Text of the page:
- large spectacles equipped with special lenses, protective rims, etc., to prevent injury to the eyes from strong wind, flying objects, blinding light, etc.
- spectacles designed for a special purpose, as night-vision or stereoscopic goggles.
- Informal.glasses, or eyeglasses: I can't see a thing without my goggles.
- a bulging or wide-open look of the eyes; stare.
- to stare with bulging or wide-open eyes.
- (of the eyes) to bulge and be wide open in a stare.
- to roll the eyes.
- (of the eyes) to roll.
- Informal. to spearfish.
- to roll (the eyes).
- (of the eyes) rolling, bulging, or staring.
Origin of goggle
The first senses of goggle dealt with the movement of the eyes—quite literally the rolling or bulging of eyes. It was not until the early 18th century that goggle took on meanings that extended beyond the eyeball (though not very far beyond). In the early 1700s, speakers of English used the plural goggles to refer to large, protective eye coverings. As the use of cars became more widespread in the early 20th century, the demand for driving goggles increased. Though only vintage car enthusiasts have a need for those today, safety goggles can commonly be found in any high school chemistry class that follows standard safety codes.
While those types of goggles are designed to protect, a new kind of goggles, which do nothing to protect the wearer— beer goggles —surfaced in English in the late 1980s. This slang term for the metaphorical goggles that extremely drunk people “wear,” with the effect of diminishing their judgment, is still widely used today.
- "Then came a volley of expletives in an unknown tongue, and in a voice so deep and harsh that the hair of the three heads bristled, and three pairs of eyes goggled with fright."-Charles M. Skinner The Devil’s Bridge: a Philippine Legend McBride’s Magazine, Volume 64 (1899)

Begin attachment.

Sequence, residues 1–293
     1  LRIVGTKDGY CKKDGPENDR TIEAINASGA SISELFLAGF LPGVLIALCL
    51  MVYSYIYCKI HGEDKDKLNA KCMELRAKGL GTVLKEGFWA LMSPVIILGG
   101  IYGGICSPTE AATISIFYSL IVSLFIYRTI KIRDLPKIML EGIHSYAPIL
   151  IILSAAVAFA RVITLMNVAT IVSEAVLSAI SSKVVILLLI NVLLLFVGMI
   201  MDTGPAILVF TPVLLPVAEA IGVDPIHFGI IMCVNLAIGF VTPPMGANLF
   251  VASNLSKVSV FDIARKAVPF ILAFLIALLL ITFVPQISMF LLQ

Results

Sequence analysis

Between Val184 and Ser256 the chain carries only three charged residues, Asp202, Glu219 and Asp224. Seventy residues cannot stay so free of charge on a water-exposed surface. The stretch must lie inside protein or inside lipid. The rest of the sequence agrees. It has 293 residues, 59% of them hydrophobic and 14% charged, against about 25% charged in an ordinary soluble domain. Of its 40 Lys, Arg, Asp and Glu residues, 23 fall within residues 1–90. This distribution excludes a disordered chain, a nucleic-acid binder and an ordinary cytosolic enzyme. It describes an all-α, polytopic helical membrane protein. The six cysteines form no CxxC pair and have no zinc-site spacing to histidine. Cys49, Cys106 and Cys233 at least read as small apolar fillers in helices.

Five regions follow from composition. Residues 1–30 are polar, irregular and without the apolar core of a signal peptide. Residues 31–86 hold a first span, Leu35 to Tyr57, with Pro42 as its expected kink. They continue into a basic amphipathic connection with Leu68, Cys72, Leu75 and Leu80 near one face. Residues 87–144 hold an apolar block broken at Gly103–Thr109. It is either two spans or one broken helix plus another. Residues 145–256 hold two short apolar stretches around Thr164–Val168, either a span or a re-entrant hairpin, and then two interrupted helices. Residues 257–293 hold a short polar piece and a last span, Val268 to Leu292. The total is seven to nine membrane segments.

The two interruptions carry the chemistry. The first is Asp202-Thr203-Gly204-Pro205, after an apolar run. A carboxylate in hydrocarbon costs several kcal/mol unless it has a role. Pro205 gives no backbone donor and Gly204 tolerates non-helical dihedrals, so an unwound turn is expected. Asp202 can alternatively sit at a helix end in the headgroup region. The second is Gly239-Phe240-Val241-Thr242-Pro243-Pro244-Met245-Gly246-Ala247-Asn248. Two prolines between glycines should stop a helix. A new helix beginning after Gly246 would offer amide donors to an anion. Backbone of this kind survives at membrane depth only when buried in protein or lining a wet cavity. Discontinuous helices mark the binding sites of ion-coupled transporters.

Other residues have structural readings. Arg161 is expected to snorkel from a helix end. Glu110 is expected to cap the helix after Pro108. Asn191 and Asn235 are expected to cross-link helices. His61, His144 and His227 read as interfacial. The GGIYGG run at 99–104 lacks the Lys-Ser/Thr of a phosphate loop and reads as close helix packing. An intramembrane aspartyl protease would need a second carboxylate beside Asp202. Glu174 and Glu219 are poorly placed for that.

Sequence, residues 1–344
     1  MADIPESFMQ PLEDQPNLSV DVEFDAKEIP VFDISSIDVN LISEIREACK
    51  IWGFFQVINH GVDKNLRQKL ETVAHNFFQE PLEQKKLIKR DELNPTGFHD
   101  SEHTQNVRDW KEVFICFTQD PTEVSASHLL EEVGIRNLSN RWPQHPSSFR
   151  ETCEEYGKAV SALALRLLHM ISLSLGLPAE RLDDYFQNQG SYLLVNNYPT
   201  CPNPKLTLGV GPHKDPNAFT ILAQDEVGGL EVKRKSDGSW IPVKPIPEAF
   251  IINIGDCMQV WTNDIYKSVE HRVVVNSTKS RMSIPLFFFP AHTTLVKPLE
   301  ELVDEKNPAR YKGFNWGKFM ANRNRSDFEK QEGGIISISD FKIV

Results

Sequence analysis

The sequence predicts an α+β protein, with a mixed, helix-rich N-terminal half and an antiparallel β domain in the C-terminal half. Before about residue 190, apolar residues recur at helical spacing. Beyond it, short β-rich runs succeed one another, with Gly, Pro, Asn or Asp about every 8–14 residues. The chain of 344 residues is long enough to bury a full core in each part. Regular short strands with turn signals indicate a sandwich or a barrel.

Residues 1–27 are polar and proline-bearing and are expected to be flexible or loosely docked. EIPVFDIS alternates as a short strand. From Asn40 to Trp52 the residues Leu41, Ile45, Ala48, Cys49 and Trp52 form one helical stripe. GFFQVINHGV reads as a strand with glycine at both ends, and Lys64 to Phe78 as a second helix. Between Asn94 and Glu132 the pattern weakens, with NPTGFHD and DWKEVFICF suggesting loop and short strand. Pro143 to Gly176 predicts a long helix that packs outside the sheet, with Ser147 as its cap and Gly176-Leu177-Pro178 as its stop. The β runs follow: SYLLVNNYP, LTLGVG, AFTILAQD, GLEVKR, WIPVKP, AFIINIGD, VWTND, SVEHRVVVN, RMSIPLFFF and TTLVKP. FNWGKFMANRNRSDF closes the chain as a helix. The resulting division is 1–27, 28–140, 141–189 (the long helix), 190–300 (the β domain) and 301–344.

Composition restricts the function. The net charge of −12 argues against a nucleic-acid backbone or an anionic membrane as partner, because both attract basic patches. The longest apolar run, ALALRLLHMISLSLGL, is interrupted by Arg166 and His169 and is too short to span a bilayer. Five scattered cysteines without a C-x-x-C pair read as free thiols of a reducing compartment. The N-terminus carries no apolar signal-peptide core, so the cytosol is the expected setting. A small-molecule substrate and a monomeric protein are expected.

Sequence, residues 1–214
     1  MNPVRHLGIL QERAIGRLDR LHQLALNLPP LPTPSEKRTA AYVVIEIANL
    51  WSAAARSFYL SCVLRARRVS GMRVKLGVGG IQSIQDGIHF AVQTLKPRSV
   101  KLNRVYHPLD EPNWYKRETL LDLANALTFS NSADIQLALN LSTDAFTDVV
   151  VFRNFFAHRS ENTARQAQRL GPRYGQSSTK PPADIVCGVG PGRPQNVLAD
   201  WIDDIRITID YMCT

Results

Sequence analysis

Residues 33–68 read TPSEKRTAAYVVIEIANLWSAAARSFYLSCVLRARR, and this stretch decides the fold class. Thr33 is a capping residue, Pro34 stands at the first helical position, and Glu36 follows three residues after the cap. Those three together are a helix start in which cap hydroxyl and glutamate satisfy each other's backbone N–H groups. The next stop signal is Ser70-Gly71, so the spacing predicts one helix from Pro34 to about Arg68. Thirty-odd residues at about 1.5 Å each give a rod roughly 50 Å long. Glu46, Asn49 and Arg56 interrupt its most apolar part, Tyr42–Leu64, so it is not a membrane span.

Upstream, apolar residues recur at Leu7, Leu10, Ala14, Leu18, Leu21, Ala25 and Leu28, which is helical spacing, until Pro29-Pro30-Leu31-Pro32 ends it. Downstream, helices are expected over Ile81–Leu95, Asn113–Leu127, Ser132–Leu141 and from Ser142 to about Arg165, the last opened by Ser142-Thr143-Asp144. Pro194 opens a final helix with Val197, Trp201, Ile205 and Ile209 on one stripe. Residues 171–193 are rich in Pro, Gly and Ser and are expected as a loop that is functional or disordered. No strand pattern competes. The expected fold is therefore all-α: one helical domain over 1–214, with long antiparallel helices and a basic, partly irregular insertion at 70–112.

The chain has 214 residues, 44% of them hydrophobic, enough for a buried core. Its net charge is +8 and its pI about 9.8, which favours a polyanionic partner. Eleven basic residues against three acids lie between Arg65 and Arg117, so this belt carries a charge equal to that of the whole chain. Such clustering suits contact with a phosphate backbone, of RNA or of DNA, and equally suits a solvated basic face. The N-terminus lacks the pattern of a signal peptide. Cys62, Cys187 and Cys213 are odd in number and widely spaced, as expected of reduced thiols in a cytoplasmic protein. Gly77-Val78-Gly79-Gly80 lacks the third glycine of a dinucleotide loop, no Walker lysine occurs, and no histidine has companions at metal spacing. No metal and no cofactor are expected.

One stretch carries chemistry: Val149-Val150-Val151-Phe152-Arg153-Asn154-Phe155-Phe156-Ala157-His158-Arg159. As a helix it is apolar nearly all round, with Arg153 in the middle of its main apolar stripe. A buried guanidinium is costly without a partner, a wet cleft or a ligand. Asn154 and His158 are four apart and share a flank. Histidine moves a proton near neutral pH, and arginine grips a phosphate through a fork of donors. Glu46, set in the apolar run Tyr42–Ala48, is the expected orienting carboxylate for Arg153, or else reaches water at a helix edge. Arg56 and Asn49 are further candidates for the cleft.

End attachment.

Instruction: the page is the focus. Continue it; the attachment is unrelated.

- "Hari goggled his eyes, unrattled by my taunting."-Philip Palmer Version 43 (2010)
Examples from the Web for goggles
In gowns, boots, goggles, and masks, the men will lower the body into a 6-foot grave below.Kissing the Corpses in Ebola Country
August 13, 2014
Plus wearing gowns, gloves, goggles and masks imparts an eerie moonwalk sensation as one enters the facility.Caring for Ebola Patients Deeply Scary For Health Care Workers
August 2, 2014
While caring for patients, clinical staff is heavily robed with gown and apron; three pairs of gloves; a hood; and goggles.Two Americans Have Now Been Diagnosed With Ebola in Record Outbreak
July 28, 2014
By night, he hunts with ghosts with goggles and a K2 device.True Life: I’m a Part-Time Ghost Hunter
September 15, 2013
The photograph confirms there was also unmistakable delight in the eyes behind her goggles.Exclusive Photo: Gabrielle Giffords’s Navy SEAL Skydive
February 27, 2012
He pushed up his goggles and gazed at her, absolutely bewildered.Howards End
E. M. Forster
Jeter began nonchalantly to slip off his helmet and goggles.Lords of the Stratosphere
Arthur J. Burks
Passed me wi' her face all smothered up in a veil, goggles an' all.A Bit O' Love (Fourth Series Plays)
"Very," coolly agreed Lestrange, rising and removing his goggles.The Flying Mercury
Eleanor M. Ingram
He allowed the young skeptic to try the goggles on and read by the light of the lamp.Runaway
- (intr) to stare stupidly or fixedly, as in astonishment
- to cause (the eyes) to roll or bulge or (of the eyes) to roll or bulge
- a fixed or bulging stare
- (plural) spectacles, often of coloured glass or covered with gauze: used to protect the eyes
Word Origin and History for goggles
"spectacles, protective eyeglasses," 1715; see goggle.
1530s, from Middle English gogelen "to roll (the eyes) about" (late 14c.), influenced by Middle English gogel-eyed "squint-eyed, one-eyed" (late 14c.), of uncertain origin, perhaps somehow imitative. As a surname (Robert le Gogel) attested from c.1300. Related: Goggled; goggling. As a noun, 1650s, "goggling look;" earlier "person who goggles" (1610s).